To keep you warm as it gets chilly outside, Neil Forbes gives us his recipe for bread and butter pudding

  • 60
  • 4
  • Medium
In the colder months, this is one of the consistent favourites at Cafe St Honoré. Full of sweet, vanilla flavours and rich custard, it’s the perfect way to use up stale bread. With the addition of plumped-up, juicy Californian raisins and a touch of mixed peel, it’s a warm and welcoming friend when it’s chilly outside. It is a rich one this, so don’t eat too much, and serve with a little pouring cream at most.

Ingredients

  • half a loaf of leftover bread, crusts removed. Panettone or brioche are also good.
  • 250g unsalted butter, melted
  • 500ml double cream
  • 1 vanilla pod, split and seeds scraped out
  • 3 egg yolks
  • 150g sugar
  • 1 whole egg
  • 1 small handful of Californian raisins and mixed peel
  • 2 tbsp jam or marmalade, warmed. (I like home-made plum jam).

Method

1 Rub an ovenproof dish with a little of the melted butter. Slice the bread 1cm thick and submerge in the melted butter.

2 To make the custard, heat the cream and the vanilla pod on the stove until the mixture comes to the boil, turn off the heat and leave to infuse for a few minutes. Whisk together the egg yolks and sugar until thick and creamy, and whisk into the cream. Whisk in the whole egg as well.

3 Layer the butter-soaked bread with the custard and raisins and mixed peel, repeating until you reach the top of the dish. Don’t put fruit on the top layer as it will burn in the oven.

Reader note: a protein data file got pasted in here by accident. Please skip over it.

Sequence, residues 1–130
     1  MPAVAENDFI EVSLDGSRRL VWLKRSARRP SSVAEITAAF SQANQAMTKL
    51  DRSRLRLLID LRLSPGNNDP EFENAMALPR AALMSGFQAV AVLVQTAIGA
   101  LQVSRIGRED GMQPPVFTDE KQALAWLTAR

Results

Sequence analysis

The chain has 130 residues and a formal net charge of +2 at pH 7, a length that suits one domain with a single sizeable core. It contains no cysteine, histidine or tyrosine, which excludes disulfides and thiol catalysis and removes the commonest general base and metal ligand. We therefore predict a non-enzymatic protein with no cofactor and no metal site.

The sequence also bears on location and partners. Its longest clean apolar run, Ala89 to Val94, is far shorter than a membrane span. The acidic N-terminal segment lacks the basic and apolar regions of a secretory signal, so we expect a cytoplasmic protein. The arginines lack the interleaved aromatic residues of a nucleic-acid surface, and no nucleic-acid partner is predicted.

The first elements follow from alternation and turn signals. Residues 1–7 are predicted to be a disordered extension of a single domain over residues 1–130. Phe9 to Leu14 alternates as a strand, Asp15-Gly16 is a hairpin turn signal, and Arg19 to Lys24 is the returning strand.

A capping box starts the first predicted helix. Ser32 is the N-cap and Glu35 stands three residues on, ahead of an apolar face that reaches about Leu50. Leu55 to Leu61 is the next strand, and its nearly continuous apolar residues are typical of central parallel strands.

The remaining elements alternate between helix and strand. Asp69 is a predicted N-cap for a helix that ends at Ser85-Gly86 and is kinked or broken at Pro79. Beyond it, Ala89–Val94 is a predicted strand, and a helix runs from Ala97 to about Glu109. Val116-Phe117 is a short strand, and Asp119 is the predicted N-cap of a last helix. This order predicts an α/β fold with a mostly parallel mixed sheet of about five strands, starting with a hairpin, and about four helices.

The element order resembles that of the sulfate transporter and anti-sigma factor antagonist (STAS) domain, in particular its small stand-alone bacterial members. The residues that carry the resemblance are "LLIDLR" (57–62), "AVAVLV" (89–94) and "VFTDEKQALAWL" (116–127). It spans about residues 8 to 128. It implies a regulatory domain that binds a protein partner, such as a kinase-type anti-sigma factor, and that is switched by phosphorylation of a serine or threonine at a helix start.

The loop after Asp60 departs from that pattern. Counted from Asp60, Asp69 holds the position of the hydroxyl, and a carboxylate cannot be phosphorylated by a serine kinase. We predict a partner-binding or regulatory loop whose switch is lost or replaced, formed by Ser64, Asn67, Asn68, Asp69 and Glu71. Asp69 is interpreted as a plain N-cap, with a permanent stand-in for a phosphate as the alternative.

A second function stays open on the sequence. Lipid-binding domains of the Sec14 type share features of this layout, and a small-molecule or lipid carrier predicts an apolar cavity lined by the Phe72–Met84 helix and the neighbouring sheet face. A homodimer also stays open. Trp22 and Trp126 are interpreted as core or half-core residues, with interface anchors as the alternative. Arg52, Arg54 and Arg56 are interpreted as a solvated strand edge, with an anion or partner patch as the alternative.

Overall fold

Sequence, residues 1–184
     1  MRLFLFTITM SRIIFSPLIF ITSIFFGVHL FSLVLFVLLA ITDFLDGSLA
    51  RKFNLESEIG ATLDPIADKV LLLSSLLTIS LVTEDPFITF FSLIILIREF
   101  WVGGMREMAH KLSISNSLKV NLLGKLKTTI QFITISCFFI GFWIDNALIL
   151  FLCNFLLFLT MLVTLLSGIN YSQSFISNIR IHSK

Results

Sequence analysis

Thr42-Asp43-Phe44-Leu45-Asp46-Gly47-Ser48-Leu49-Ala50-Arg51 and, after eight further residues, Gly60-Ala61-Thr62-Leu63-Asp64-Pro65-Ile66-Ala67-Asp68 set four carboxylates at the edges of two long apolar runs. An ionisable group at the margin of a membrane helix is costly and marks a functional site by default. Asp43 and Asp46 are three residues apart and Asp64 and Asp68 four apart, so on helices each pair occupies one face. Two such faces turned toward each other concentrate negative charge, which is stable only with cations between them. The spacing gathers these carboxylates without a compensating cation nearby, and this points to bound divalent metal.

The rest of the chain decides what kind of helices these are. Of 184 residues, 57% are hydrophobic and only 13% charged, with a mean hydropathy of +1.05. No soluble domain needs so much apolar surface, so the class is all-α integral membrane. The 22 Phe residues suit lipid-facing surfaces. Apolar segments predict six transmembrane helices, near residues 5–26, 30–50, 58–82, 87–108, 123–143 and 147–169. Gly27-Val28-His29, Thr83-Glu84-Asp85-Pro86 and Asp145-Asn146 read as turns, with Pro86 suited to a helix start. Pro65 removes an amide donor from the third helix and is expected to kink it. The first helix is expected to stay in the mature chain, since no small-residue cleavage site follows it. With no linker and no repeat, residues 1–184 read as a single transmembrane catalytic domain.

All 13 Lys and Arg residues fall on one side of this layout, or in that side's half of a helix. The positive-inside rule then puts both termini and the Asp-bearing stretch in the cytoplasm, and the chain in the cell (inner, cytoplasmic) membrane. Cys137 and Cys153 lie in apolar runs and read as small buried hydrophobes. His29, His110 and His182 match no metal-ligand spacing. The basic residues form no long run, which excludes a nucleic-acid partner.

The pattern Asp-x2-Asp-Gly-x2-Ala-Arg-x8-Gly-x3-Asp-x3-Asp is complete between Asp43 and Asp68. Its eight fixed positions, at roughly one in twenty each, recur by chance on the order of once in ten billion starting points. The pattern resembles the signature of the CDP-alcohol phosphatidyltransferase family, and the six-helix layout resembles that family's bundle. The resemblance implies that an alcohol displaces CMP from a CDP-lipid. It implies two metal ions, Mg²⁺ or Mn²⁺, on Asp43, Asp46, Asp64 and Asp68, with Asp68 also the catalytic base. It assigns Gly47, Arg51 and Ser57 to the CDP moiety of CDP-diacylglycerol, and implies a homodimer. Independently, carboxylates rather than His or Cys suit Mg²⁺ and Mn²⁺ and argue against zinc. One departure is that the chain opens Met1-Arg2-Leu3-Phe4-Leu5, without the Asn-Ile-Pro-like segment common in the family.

4 Bake in an oven at 180C/Gas Mark 4 for 45 minutes until hot. Top with a few more raisins and mixed peel, then spoon warm jam over the top. Leave to rest for 10 minutes before serving.

About The Author

Neil Forbes

Neil is one of Scotland's most passionate chefs who describes cooking as an “emotional experience that uses all the senses”. Born into a family of chefs, it was his granny”s soup that first inspired a young Neil to get behind the stove, and inspires him still.

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About The Author

Neil Forbes

Neil is one of Scotland's most passionate chefs who describes cooking as an “emotional experience that uses all the senses”. Born into a family of chefs, it was his granny”s soup that first inspired a young Neil to get behind the stove, and inspires him still.